Abstract: Robinson Crusoe's conversion plot in Daniel Defoe's 1719 Robinson Crusoe bears striking similarity to Augustine's conversion plot in Confessions, especially in the ways Bible-reading is narrated as transforming the ontological nature of each "character's" self. This essay argues that while both Crusoe and Augustine employ typological hermeneutics while reading the Bible, their hermeneutics are informed by vastly different ontological, epistemological, and ethical assumptions and emphases. Dissecting and outlining Crusoe's "modern novelistic" typology and comparing it to Augustine's "premodern" typology reveals some theological limitations of modern reading practices that have long influenced how readers approach both novels and the Bible.
Saint Augustine has been linked to the formation of the modern introspective subject, and his Confessions has often been seen as a precursor to the modern British novelistic tradition. (1) Although scholars have disagreed, (2) such connections have merit, given how influential Augustine was on Protestant reformers and the Puritan culture out of which the modern British novel emerged? Indeed, Robinson Crusoe's conversion plot in Daniel Defoe's 1719 Robinson Crusoe, which itself has traditionally been classified as one of the first modern English novels, virtually imitates Augustine's conversion plot in Confessions? Both texts are spiritual autobiographies that narrate the trajectory of the individual self in relation to God using similar motifs. Augustine and Crusoe both discuss the need to reorder the desires and to control "Fancy" or appetite. Both, in retrospect, see that God worked in their lives through specific people and events, that God acted in their personal histories and had a providential plan. Both rebel because they are not satisfied with their stations in life: they are prideful, restless, and like Adam, attempting to be like God? Both also center on a Bible-reading conversion scene in which the "true self" is discovered in the moment of reading. At these conversions, both "characters" read the Bible typologically, employing a hermeneutics that has epistemological, ontological, and ethical ramifications for the reading self: the text simultaneously identifies, reforms, and instructs the self who is reading. In addition, Confessions and Robinson Crusoe are both constructed in the hope that readers also will be brought to an experience of self-knowledge and reformation through the reading process. In this way, both texts take on a function similar to the Bible's function within the characters' plots, providing opportunities for readers to gain moral and spiritual knowledge and thereby to allow their very selves to be radically altered.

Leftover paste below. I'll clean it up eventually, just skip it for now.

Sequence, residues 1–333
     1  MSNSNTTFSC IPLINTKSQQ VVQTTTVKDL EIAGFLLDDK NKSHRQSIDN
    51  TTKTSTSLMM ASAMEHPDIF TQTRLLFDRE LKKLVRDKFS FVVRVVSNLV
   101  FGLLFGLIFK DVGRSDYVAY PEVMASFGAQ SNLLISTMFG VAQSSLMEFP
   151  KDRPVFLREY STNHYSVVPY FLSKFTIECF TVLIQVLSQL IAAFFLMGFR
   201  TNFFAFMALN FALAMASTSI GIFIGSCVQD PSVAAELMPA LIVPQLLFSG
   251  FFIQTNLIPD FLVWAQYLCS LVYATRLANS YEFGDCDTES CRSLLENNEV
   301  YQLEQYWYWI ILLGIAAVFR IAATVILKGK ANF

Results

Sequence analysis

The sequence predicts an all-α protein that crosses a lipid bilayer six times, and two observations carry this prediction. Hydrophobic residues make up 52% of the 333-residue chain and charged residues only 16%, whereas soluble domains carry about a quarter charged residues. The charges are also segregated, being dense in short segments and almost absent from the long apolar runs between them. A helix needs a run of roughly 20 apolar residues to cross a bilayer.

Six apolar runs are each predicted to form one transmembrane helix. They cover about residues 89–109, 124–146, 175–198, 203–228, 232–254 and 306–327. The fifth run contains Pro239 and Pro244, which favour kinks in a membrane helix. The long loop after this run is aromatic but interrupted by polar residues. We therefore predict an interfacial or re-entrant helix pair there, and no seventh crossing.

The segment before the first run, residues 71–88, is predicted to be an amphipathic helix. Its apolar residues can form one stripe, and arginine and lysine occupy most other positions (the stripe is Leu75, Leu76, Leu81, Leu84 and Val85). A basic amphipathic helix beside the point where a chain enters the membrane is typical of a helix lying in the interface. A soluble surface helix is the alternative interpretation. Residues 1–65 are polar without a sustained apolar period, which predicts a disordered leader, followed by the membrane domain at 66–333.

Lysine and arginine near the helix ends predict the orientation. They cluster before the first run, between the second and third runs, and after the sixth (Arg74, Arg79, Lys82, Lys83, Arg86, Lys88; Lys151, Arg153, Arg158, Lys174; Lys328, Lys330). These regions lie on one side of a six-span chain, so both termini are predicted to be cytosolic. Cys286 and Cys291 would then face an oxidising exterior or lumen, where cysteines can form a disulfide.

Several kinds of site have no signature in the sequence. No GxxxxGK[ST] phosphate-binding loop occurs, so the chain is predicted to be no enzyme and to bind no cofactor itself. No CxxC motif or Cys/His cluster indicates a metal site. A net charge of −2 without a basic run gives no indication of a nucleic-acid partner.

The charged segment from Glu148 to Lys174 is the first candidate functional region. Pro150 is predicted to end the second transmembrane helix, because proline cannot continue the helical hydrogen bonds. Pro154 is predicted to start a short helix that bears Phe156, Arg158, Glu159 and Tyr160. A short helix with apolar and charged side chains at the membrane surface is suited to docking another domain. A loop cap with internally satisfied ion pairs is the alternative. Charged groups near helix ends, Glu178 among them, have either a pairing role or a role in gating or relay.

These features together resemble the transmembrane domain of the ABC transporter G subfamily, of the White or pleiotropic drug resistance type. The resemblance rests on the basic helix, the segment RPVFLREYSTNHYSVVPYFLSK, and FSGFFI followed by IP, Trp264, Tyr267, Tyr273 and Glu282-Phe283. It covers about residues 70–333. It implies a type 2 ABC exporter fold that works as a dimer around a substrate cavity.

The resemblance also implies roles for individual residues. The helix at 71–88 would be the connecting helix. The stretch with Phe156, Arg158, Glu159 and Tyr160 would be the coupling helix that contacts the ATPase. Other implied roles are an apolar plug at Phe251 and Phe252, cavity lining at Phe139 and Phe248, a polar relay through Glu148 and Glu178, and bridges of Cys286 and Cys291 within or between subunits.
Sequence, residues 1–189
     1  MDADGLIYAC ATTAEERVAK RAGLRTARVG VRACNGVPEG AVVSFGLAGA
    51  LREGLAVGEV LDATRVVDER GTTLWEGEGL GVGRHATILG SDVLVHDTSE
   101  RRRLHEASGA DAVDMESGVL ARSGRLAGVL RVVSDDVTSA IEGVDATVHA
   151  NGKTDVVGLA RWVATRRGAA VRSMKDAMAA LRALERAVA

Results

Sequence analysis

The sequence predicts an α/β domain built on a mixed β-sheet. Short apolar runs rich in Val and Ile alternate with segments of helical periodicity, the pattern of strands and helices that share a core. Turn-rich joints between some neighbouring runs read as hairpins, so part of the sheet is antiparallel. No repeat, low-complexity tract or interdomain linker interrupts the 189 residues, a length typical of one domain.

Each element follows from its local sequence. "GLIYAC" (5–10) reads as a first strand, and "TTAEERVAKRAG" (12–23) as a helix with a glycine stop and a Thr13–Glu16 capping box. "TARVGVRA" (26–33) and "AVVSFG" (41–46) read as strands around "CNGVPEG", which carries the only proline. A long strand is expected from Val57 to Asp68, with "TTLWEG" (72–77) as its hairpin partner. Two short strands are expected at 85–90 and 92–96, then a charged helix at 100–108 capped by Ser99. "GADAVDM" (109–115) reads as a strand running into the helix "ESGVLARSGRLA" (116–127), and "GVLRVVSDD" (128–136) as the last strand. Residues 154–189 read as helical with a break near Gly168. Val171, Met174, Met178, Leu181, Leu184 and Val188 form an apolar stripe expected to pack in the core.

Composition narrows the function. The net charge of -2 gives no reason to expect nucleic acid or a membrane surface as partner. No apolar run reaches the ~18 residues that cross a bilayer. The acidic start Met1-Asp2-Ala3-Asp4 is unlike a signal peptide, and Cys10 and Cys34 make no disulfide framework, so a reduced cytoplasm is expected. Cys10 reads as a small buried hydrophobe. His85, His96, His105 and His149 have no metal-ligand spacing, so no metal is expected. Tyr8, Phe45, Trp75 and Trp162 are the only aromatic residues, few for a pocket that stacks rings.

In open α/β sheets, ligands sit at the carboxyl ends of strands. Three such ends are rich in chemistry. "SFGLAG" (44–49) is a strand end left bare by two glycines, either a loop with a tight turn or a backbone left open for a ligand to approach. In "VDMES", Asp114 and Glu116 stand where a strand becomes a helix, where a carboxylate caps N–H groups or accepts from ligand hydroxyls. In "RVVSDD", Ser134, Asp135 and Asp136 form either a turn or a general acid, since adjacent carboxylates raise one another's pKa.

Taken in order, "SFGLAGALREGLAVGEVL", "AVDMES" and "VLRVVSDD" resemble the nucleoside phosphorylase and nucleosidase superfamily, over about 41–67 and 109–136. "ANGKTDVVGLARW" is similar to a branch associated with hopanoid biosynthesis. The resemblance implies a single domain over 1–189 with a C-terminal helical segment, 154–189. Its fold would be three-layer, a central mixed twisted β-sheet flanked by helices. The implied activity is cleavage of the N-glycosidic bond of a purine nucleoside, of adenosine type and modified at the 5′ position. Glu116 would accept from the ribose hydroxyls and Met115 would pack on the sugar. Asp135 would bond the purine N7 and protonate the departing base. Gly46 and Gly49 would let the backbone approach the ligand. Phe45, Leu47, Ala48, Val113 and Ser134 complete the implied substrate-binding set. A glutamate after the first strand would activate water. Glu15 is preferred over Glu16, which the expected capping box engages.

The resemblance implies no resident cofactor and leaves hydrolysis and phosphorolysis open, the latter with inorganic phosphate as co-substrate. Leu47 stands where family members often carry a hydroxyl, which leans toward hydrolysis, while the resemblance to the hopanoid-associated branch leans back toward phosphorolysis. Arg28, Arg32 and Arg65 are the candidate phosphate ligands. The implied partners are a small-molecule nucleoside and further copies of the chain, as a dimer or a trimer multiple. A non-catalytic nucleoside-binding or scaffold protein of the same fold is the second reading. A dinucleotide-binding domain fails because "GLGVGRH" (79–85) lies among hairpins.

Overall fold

Despite these striking similarities, this essay focuses on a crucial difference in the two narratives: the literal ontological nature of the individual reader or self. Although "typology" appropriately describes the hermeneutics employed by both authors, the varied assumptions and emphases grounding these hermeneutics are worth dissecting further in order to delineate the ontological nature of the "individual self" in each text and how this self relates to God, to the church, to history, and to creation. As will be seen, Robinson Crusoe binds together modern individualism and the Christian life in ways that differ significantly from Augustine's text.
Analyzing the hermeneutics informing Crusoe's and Augustine's Bible-reading can be fruitful for conversations both in novel studies and in Biblical studies, two fields that seem rarely to cross paths. (6) First, such analysis can begin to define a modern novelistic typological hermeneutics that would help us think about novels in relation to current discussions of "religion" and "secularism." (7) Second, it can help renew theories and practices of typological Bible-reading for the church, which has, especially in the United States, too often taken up a Crusoe-like novelistic approach to reading the Bible. …